or rather illustratable. They aremarketgardeners. to make an interesting magazine article. and called it Vierland. covering a good many square miles. as the houses they built are very large. although we travelled over the whole extent of that very poor and worked-out little kingdom there is such a mournful sameness in the doings of the inhabitants thereof that it can easily be comprehended in a series of a very ' . — — . sometimes running all round the house. most elaborately carved. — — . filled with orchards and flowers and vegetables of every sort. In Denmark it has been the same sort of . however little. is one great garden. The people built dykes to keep out the sea. or reading their Bibles on a Sunday. just asthey are inHolland. They must have been well-to-do. and thewholedistrict. wonderful old furniture. with inscriptions— telling when they were built and who did it. and all sorts of oldworld ways which Millet will dilate upon. Market places are always the most picturesque spots in these foreign towns. or drinking beer before inns yet unless you stop some time long enough to get a glimpse of their daily lives these are the only subj ects that present themselves. You can 't always 'do people working in the fields or on the way home. built of brick and carved timber. few articles indeed.IN VIERLAND of land aboutthree miles from this littletown. Unlike Holland it has no art history The extremely meagre and third-rate talent of Thorwaldsen is so much greater than any other art sensation the country has ever had that they talk of him still In Holland there is enough material in nearly every town. but for illustrative purposes it is always the same thing." Abbeypassesontogiveutterancetoadisabilityunderwhich every illustrator of travel must have sufi^ered and will suffer: "The great difficulty I find in getting subj ects for an article of this sort is that the people are not doing anything pictorial. or sweeping the streets. In Denmark it took so long to get from one place to another thetrains are so unutterably slow ten miles an hour being considered quite a crazy rate of speed that.and the houses are in the drained land below. 122 . . many of them are. and praying God to bless them and all who come in and out. elaborately carved rooms in solid oak. The costumes are different in each village.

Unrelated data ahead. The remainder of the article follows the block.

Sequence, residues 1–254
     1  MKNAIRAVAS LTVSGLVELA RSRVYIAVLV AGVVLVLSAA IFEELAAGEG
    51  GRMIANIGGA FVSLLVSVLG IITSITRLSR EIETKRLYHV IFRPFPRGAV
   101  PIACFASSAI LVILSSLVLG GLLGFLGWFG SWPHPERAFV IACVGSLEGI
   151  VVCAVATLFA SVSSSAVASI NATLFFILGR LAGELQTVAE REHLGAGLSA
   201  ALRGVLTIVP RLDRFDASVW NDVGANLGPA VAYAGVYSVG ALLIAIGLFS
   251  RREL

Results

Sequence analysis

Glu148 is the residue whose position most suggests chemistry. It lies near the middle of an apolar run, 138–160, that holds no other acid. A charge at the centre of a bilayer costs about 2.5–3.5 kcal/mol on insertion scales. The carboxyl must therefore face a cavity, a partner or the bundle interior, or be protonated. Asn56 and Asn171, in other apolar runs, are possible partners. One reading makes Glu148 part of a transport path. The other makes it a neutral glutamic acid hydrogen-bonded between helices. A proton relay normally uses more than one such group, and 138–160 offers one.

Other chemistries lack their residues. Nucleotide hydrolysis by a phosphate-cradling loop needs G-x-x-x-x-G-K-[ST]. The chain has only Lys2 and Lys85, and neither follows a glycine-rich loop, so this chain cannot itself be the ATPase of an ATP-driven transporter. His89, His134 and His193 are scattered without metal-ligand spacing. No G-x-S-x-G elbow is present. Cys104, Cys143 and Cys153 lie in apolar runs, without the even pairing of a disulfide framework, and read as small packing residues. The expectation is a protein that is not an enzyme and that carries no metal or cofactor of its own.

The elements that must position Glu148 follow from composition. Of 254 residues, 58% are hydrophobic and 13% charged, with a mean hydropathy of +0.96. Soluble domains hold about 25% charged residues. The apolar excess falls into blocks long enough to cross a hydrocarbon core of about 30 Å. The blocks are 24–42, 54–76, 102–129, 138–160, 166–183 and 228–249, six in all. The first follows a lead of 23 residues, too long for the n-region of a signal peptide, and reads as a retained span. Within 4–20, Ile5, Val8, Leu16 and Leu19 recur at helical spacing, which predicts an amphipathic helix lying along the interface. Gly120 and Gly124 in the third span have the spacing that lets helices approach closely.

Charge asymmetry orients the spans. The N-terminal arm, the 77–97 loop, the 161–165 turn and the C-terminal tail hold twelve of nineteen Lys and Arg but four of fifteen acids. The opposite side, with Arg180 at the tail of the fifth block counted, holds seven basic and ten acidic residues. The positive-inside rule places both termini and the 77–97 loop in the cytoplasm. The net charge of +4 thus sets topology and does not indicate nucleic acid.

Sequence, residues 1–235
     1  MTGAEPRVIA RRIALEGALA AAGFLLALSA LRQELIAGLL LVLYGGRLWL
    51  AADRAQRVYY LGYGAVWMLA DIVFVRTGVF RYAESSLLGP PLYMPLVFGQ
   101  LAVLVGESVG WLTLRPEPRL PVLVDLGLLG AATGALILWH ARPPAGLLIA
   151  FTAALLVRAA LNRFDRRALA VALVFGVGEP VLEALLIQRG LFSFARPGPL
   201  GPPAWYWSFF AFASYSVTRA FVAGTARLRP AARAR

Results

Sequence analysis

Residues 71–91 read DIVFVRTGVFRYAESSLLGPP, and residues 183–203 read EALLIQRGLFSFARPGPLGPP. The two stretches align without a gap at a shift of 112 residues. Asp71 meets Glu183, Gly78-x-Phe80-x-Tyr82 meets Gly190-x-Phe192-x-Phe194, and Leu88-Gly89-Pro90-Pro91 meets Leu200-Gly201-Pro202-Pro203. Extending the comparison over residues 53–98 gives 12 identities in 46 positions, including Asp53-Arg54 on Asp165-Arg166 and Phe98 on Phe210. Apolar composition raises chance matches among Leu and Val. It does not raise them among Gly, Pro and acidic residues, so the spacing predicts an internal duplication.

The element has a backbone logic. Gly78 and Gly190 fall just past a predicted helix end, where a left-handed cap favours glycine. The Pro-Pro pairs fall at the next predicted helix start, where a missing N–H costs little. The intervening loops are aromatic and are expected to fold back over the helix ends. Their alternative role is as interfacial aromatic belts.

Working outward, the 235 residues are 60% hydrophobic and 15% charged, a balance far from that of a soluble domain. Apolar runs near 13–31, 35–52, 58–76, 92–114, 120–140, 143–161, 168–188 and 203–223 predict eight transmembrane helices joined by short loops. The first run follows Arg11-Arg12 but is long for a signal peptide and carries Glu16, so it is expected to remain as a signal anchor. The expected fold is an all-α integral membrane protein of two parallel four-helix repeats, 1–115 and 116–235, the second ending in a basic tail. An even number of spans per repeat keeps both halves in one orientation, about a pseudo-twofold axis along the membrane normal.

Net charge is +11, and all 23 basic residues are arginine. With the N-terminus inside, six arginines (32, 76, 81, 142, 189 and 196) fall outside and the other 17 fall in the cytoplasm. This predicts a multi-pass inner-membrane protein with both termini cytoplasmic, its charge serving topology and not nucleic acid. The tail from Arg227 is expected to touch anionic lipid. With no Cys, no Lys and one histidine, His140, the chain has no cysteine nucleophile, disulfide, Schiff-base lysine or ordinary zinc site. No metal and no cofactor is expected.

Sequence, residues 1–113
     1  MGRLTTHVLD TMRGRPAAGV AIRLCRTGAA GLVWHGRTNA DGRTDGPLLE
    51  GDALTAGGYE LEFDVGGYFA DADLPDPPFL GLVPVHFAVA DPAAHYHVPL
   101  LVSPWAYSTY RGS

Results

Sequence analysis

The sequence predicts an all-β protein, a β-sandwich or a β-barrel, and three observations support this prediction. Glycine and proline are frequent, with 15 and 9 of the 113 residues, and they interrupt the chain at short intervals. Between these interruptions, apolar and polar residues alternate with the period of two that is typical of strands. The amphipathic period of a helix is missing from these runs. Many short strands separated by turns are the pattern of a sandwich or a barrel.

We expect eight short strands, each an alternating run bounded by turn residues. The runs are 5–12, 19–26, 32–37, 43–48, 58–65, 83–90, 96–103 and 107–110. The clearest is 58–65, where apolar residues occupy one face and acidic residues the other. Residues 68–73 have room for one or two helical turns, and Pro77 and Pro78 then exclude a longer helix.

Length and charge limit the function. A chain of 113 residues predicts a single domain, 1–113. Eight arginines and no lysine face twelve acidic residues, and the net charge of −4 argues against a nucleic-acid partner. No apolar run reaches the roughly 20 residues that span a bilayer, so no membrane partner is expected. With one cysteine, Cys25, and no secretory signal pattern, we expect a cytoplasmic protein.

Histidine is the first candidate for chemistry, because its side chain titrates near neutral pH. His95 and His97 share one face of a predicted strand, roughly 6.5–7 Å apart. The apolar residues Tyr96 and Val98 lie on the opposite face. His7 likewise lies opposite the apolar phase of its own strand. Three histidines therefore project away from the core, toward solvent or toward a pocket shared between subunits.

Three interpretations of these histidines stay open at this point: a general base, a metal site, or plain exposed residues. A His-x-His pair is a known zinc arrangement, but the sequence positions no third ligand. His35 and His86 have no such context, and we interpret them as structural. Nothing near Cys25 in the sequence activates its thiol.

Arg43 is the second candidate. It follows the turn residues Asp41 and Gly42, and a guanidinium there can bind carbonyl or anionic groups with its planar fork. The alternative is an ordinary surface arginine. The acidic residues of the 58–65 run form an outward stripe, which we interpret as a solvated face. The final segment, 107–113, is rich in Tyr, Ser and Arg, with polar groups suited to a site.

a beautiful square house said to be built by I nigo Jones standing remote and apart. William Morris. as represented by Shakespeare's daughter. the Herrick drawings being done. a few were new. to see him Soon after their return to London a letter arrived from William Black which was to have some influence on Abbey 's career in that it . I think." thing. . and from which I quote again in a later chapter.. is exceptional Black had artistic leanings before he took up the pen. JUDITH SHAKESPEARE the picturesqueness has disappeared from their dress." but these Stratford expeditions were not until the following year. which was never sent. he hoped to find some background for She Stoops to Conquer. with its church. This.someof which were arranged before the story was written out and the whole ground and scheme of action of the story gone over and studied with him [William Black] on the probably owing to the fact that spot. amid the meadows beside the Thames. which. which is a mile or so down the river. " One of my most interesting experiences was making the Judith Shakespeare drawings. Abbey says. until to-day it is of the plainest and meagrest description. and the two artists often went over . has gradually become more and more utilitarian. in double harness. Most of the drawings had appeared in Harper's. led to his illustrations for the novelist's story Judith Shakespeare : a had need of all his knowledge and adaptability for it meant that he was henceforward for some months to drive the sixteenth century. In a letter to Charles Dudley Warner on the theory of illustrating. then living at Kelmscott. While there he began the water-colour " The Widower. where. but latterly nearly all AbbeyreturnedtoEnglandat the endof August andatoncejoined Alfred Parsons at the Swan Inn at Lechlade. At the end of 1 882 was published the first book to make Abbey 's genius known outside the pages oi Harper's Magazine his edition of Herrick." setting his scene in the hall of Buscot Rectory. and the eighteenth in She Stoops to Conquer. of which we have seen much while it was in the making for serial publication. was a friendly neighbour. owing possibly to the extreme poverty of the people. The decorative title ran thus: Selections from task in which Abbey — — 123 .